Living in the ‘pork chop neighbourhood’
Vesa Liukku has lived in Rotterdam for almost fifty years. When he first moved here, he thought Hoogkwartier was a fancy ‘pork chop neighbourhood’.
Vesu Liukku, son to Finnish parents, moved from Ghent to Rotterdam in 1972. It was quite a change for him to relocate from the historic architecture of the old Belgian town to the relatively recently built Dutch city on the riverbanks of the Meuse. Mr Liukku had found a job in Rotterdam teaching biology. When they first moved there, he and his wife lived in Charlois. Not the best area: “It was worthless, but it cost next to nothing too.” Then the Hoogkwartier area - where the couple found a new home - known as an authentic ‘pork chop neighbourhood’, a colloquialism that meant it was upscale enough for people to afford fancier cuts of meat.
It was quite a change for him to relocate from the historic architecture of the old Belgian town to the relatively recently built Dutch city on the riverbanks of the Meuse.
From middle-class to yuppie
Various middle-class locals shared a street entrance with their flat on Groenendaal, like the neighbours who ran several angler shops. And the building had a concierge too, who lived just around the corner. You could knock on his door for help with all sorts of problems. The concierge told Mr Liukku that the apartment block had been one of the first structures to be built in the devastated downtown area. The building is now mainly home to yuppies and students, who rent a flat in pairs or groups.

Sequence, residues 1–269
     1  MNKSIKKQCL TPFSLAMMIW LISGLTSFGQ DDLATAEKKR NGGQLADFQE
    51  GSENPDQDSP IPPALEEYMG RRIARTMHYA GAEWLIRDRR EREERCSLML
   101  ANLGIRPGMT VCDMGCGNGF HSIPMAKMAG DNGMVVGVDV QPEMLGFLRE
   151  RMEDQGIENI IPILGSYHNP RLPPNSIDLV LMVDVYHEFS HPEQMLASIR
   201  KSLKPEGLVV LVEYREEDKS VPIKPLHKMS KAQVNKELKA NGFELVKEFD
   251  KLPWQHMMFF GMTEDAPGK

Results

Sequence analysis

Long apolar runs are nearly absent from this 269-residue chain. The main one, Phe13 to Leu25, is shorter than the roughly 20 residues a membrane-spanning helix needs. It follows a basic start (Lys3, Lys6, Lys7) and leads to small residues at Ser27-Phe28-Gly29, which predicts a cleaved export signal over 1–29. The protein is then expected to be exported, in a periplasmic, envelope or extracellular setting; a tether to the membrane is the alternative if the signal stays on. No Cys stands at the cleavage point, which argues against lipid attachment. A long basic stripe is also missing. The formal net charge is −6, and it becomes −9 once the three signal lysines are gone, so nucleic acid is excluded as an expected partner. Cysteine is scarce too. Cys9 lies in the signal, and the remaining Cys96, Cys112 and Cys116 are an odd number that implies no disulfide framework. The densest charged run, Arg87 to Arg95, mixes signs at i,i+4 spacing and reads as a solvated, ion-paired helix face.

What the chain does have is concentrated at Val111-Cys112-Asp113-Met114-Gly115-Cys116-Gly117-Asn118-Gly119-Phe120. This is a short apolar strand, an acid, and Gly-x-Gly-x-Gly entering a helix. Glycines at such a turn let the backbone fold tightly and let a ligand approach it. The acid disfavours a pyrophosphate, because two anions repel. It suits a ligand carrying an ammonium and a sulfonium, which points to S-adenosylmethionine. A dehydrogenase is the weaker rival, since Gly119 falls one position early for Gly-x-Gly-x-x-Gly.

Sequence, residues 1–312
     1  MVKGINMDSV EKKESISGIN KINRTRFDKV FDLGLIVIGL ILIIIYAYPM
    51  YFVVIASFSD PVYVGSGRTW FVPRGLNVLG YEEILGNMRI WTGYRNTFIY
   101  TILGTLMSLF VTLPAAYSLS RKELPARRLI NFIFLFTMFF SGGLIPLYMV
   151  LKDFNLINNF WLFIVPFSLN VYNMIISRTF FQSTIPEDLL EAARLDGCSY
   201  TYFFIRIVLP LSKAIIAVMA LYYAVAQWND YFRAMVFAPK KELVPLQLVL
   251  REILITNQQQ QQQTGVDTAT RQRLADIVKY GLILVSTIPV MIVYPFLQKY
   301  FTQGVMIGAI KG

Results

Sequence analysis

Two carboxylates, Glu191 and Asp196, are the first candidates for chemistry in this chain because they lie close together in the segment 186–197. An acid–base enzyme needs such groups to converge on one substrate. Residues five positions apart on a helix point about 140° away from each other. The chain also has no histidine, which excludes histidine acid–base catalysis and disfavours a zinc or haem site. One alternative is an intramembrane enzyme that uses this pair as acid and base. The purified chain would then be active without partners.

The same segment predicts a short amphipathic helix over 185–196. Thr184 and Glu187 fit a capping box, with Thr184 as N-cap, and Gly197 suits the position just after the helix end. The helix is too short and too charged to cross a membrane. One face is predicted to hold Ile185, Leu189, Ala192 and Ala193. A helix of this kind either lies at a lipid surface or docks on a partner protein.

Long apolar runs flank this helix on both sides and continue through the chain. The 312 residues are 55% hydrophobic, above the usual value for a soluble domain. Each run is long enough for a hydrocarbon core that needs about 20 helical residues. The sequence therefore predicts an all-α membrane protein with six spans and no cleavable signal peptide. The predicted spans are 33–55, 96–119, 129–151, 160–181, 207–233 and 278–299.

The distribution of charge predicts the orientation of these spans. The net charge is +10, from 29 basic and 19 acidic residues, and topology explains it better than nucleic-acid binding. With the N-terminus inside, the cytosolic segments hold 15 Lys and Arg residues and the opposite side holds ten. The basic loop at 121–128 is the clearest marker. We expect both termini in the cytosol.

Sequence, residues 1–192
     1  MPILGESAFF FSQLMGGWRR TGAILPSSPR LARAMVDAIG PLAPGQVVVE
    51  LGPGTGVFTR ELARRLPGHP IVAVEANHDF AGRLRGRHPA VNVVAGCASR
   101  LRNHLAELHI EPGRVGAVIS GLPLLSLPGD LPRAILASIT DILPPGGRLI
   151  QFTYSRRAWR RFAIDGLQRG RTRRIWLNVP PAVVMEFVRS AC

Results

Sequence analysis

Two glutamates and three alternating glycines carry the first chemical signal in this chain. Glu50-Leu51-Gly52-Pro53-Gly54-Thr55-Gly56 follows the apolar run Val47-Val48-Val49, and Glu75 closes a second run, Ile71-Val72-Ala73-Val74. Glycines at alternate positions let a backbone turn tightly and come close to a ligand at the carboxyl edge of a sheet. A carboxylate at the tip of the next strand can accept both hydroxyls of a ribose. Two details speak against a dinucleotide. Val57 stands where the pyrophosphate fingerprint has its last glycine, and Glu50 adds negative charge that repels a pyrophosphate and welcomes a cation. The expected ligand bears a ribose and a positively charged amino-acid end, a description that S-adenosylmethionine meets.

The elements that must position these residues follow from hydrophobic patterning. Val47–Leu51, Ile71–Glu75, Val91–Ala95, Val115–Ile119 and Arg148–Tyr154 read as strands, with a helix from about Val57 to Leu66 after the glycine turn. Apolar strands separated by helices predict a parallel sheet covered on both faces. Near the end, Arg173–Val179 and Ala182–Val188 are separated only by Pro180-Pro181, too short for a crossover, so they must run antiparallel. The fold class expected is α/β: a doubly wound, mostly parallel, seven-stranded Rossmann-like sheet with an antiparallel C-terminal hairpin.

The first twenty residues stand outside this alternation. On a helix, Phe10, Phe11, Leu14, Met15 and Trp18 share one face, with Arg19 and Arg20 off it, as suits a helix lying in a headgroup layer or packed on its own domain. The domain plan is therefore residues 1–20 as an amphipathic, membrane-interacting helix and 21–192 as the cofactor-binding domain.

You could knock on his door for help with all sorts of problems.
The Hoogkwartier area was a nice neighbourhood for raising children. It was quiet and had lots of room for them to play outside. The living room faced Groenendaal, overlooking the Meuse River; the old inner harbour lay abandoned at that point. When the puddles of water on the fallow ground there froze over in the winter, the children loved to go ice skating.
The children that shared their staircase had come up with a pulley system with buckets on ropes that could go back and forth between the balconies. There aren’t many children living in the neighbourhood these days. Mr Liukku is not opposed to possible changes in the area; it may be time for “a bit more life” here. But any changes should take the neighbourhood’s unique character into account. In fact: “you should grab that chance with both hands,” he says.
Mr Liukku is not opposed to possible changes in the area; it may be time for “a bit more life” here.
- The story of
- Meneer Liukku